I started TKD in 1977 and many schools have followed Olympic style competition since that time. Point tournaments were always around. But I don't follow where you equate tournaments of any sort with real fighting. I have never been in a fight or seen a fight, that was anything close to a tournament setting.
When I first started TKD there wasn't much in the way of saftey equipment. Broken noses, cracked ribs, etc were the norm. I had a tooth knocked out in a non-contact tournament. He wasn't disqualified, he was given a warning. Now, students can wear protective equipment and not receive these injuries that slow your training down. Why would you not want that? And who wants to train to take a punch anyway? The whole idea is to train so you don't have to, right? And don't talk about "what really happens" because I have been there many times.
I can tell you that 80%, maybe more, of TKD students are not going to be in fights anyhow. I was young and full of myself and wanted to test myself, not my art, so I went looking for trouble. My son who can literally side kick me off the ground, he is 20, has never been in a fight. The best self-defense begins way before you ever have to throw a technique.
I have sparred with, worked out with people from so many different styles, that I can't remember all of them. Most had a low opinion of TKD until they worked with me. Every single one of them said, "You hit hard". But I didn't do anything that everyone else in my school wasn't doing. What I saw was a lack of proper training, not a lack of technique. They never kicked the heavy bags, shields, etc. There was an emphasis on teaching too many techniques in too short of time. By 1st degree BB I knew front, side, round and crescent kick & some variations of those techniques.
When a person comes in to the school for the first time, they have some ability to fight naturally, doesn't everyone? Grappling is a natural path that people take, I don't know, maybe it comes from when we are babies and learn to grasp onto people for safety. And there is nothing wrong with teaching take downs, throws, etc - but they rarely end the fight and you have to follow up with something anyhow. So I want my students to never have to be on the ground or grappling in the first place.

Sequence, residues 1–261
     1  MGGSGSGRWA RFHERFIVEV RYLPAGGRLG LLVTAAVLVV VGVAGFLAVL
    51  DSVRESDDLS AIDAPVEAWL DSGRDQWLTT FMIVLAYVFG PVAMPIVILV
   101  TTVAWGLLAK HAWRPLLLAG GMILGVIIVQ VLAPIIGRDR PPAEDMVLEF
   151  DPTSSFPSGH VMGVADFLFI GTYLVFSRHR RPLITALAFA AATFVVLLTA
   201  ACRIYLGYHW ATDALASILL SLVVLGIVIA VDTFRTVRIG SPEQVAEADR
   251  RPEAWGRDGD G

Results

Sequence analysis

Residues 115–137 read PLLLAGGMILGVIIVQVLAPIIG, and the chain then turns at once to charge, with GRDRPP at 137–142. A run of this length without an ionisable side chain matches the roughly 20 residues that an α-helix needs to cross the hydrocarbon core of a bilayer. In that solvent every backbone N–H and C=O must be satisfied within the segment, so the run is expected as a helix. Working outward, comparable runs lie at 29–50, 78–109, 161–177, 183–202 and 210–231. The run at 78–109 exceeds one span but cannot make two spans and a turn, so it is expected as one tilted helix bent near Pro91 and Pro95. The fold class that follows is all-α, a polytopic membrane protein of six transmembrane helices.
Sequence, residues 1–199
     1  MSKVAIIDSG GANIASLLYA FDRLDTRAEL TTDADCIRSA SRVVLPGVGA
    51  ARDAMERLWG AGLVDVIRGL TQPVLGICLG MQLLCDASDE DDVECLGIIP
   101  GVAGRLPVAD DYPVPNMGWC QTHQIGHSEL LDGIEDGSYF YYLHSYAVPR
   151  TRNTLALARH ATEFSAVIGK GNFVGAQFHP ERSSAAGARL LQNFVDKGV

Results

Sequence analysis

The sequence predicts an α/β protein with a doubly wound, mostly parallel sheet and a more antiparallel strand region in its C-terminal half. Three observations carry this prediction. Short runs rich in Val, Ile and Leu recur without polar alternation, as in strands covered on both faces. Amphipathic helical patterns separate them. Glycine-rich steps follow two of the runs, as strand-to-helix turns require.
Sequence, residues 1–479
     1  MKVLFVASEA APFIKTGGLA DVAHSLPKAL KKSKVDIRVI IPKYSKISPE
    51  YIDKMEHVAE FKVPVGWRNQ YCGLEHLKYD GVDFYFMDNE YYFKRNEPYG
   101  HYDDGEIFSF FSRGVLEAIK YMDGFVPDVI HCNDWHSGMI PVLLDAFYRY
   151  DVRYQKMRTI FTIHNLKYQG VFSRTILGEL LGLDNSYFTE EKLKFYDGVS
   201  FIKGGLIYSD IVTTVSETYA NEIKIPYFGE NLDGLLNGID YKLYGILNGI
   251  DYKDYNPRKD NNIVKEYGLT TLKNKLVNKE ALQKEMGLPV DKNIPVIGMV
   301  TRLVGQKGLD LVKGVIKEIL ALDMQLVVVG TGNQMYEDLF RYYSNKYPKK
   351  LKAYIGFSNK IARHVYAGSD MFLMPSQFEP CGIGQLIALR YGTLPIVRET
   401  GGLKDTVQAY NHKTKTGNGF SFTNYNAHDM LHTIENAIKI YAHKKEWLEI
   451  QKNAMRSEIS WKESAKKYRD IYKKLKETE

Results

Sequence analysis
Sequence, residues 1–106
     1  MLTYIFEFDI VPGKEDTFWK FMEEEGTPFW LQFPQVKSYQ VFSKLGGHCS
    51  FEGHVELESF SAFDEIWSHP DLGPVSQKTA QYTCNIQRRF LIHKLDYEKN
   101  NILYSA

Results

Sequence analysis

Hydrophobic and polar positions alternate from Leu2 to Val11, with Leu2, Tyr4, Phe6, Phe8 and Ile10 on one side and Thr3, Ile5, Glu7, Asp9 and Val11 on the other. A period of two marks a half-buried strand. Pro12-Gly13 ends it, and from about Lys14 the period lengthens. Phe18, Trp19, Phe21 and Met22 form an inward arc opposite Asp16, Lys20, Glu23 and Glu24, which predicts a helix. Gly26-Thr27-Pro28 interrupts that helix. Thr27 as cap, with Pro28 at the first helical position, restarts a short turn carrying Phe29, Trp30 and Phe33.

If you are looking to turn anyone into a self-defense person, then show them finger strikes to the eyes, groin kick, punch to the face and maybe some kick to the knee. Have them train for 6 months only on this, and there you go, self defense oriented martial art.
I think that if you want your school to emphasize self-defense, then do so, but don't try to forward the idea that there is something wrong with the art of TKD. You just have a personal direction to follow and 90% of the other people in your school don't want it or need it. How do you think art's like Judo, TKD, the main systems of Karate got started. The founder(s), understood self-defense fighting, but they wanted something more, they wanted to give something that made people grow spiritually and mentally. Martial arts have always been fluid, changing, adapting to the need. Currently, there is not much self-defense need, so the arts are turning towards sport or more artistic directions. If there comes a time that it is needed, the way martial arts are taught will change.
I think you should start a "hard sparring club", where you could invite people who want to test what they have learned. At this meeting you could go over the rules that you decide on, and take feedback from the others who want to be involved. After you get a solid group together, then I would start talking about an exabition. Invite people from other TKD schools in your area as well. Make it as open as possible for those who wish to come. See how that goes and adjust the program as needed from there.
That would be me.. :5slick:
Originally Posted by oldman34
This is an interesting thread but its missing a couple of points:
1. You are talking about improving TKD on a fighting level.. SD starts way before any fight begins, to improve SD a school needs to incorporate a proper self protection syllabus which includes awareness, target hardening, pre-fight, line ups etc. etc. After all, a fight only happens if someone makes many mistakes in self protection principles first (including not knowing any).
2. To me, Self defence is what you use to try to end a fight quickly, this is employed if self protection principles dont work (ie. you didnt follow the basic rules of SP or made an error putting you in a dangerous situation), fighting is what happens when self defence goes to crap! However, a student needs to learn to fight to back this up if need be.. but one without the other means you are advocating a small woman (for example) jumps straight into a fight, when she perhaps could of avoided it!
3. As pointed out, the "95% fight goes to the ground" myth is simply that - a myth. Im told its taken from an police report in the US where they have to take them to the ground to cuff them and was used by the Gracies when they were propaging the Gracie BJJ rise to fame. That said, some ground options are needed to fill a void in TKD (or any system)